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American Government Special Collections Reference Desk


The New York Times
December 12, 1922

Looking into the future when Greater New York will have a population of 25,000,000, Dr. John A. Harriss, Special Deputy Police Commissioner in charge of traffic, sees the city from the Battery to Forty-second Street occupied by storage and provision warehouses, manufacturing and wholesale business buildings.  From Forty-second Street to Fifty-ninth Street there will be only office and commercial structures.  Fifty-ninth to 110th Street is to be a "de luxe" shopping district, along the main thoroughfares, and near them; from 110th to 125th, we shall have an "additional shopping district"; above, extending north to Westchester and east to the Connecticut State line and far into Long Island, is pictured a vast residential area for all purses.  Atlantic steamships will dock on Long Island.  Expansion across the Hudson River into New Jersey is left out of the dream.  Yet the overflow in that direction has been going on since the Civil War.  New York City's housing and traffic problems would be much easier of solution if the Empire State extended to the Delaware.  It is to be supposed that Dr. Harriss visualizes the future metropolis in a grand manner in order to fix attention upon the urgency of planning relief for a traffic congestion that is already a nightmare in a city of less than 6,000,000 people.

The immediate question is what can be done to keep our motor vehicles going and to protect pedestrians.  Dr. Harriss, who is a practical man when he deals with the city as it is, proposes as a remedy for present street conditions the construction of spacious crosstown boulevards with provision underneath them for the parking of cars.  As the cost in the aggregate would be great, he proposes a beginning with a thoroughfare in the worst congested district, between Forty-second Street and Fifty-ninth.  It would be 360 feet wide, necessitating wreckage of buildings on both sides from river to river: sixty feet for the two sidewalks, one hundred feet for ordinary eastbound traffic and one hundred feet for westbound, with one hundred feet in the middle, divided for west and east bound express traffic.  The express traffic would pass under north and south bound streets, with ramps to a Sixth Avenue elevated express highway and to a Park Avenue viaduct.  The Deputy Commissioner's estimate of the cost of condemnation of houses, land and construction is $70,000,000, which seems to be optimistic.  As a matter of fact, no one can know what the cost would be.  The real estate "promoters" would have something to say about it.  Present assessments can hardly be taken as a safe basis.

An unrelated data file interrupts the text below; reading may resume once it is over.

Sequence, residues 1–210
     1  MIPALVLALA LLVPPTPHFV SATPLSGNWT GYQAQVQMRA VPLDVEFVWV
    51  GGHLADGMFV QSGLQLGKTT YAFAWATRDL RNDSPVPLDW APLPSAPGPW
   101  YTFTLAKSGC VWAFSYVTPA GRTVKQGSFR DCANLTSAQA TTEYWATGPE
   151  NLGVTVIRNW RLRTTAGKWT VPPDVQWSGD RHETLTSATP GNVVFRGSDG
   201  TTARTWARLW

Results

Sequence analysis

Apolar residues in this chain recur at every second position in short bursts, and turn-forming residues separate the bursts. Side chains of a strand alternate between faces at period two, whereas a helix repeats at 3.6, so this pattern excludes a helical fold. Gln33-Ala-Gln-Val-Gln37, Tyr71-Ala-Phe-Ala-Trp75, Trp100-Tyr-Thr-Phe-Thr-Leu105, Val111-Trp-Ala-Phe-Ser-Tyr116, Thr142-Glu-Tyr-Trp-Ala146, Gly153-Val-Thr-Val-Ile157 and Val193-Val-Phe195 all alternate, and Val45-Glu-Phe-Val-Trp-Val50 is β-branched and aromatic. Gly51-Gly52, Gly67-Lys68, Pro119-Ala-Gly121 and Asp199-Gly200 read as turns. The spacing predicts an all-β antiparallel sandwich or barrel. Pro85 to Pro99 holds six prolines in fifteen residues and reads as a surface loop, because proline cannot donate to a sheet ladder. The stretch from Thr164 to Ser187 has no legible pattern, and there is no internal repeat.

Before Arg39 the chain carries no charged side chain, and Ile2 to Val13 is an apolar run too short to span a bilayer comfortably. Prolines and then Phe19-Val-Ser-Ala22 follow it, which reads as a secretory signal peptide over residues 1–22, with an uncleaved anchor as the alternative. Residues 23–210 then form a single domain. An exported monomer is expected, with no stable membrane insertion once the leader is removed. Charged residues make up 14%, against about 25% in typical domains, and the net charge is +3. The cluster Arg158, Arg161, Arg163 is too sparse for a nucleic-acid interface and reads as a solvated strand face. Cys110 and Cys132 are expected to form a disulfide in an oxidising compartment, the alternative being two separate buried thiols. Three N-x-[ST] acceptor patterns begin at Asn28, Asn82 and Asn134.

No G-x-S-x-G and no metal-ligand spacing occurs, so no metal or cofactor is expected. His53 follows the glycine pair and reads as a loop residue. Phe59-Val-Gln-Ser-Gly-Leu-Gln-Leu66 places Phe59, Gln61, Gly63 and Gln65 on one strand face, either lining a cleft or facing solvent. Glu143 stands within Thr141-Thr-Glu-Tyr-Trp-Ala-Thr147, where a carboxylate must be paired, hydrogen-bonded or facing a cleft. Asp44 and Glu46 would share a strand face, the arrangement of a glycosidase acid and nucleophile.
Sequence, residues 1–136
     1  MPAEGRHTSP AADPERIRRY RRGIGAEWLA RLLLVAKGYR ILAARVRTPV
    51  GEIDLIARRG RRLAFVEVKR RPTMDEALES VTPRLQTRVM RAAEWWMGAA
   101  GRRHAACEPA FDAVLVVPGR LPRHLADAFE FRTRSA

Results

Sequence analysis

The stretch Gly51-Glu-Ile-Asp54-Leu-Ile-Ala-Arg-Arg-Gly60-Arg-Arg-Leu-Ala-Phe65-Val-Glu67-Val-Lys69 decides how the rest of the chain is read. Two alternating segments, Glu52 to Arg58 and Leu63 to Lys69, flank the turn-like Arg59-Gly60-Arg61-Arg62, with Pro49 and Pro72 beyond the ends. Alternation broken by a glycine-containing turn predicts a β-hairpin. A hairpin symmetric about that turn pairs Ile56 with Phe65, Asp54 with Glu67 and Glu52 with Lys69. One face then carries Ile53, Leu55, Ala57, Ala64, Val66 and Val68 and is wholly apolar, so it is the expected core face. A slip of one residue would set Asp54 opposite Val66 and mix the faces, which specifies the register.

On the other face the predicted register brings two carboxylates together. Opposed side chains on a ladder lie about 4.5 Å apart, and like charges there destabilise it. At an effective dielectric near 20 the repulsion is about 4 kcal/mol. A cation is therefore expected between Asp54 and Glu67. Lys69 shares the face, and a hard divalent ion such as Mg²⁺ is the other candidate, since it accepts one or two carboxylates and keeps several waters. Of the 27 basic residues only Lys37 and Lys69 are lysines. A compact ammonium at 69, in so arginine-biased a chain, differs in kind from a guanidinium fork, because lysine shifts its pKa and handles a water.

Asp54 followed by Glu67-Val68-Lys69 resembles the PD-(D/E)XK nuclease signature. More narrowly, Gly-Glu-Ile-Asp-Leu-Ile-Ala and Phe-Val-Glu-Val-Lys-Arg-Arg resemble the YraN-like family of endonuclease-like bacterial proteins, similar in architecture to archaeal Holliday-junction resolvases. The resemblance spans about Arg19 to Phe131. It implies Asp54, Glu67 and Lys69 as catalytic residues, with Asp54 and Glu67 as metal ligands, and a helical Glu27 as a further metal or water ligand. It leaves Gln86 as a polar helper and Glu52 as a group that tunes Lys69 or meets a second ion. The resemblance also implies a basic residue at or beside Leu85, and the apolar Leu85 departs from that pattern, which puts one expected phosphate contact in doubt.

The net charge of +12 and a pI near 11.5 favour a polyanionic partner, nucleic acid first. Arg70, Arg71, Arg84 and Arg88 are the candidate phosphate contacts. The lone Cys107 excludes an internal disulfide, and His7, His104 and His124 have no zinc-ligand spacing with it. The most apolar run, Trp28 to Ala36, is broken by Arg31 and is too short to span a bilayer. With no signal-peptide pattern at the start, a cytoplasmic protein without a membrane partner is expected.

Utterly to decry the scheme would be captious.  Something must soon be done to free the city from the tentacles of motor transportation, and anybody with a rational idea should have the floor.  Dr. Harriss renders a public service by opening the debate.  He has made an intensive study of the problem, and has already eased the traffic glut by his watch-towers and crossing regulations.  He would also do something to keep the taxicab "cruisers" in check.  He has suggested a central city garage under ground, where drivers could wait for telephone orders, returning when their trips were made. More traffic policemen he thinks needful for crossings that are known to be  dangerous.  No mechanical device can replace bluecoated directors of traffic.  It is high time their numbers were increased.

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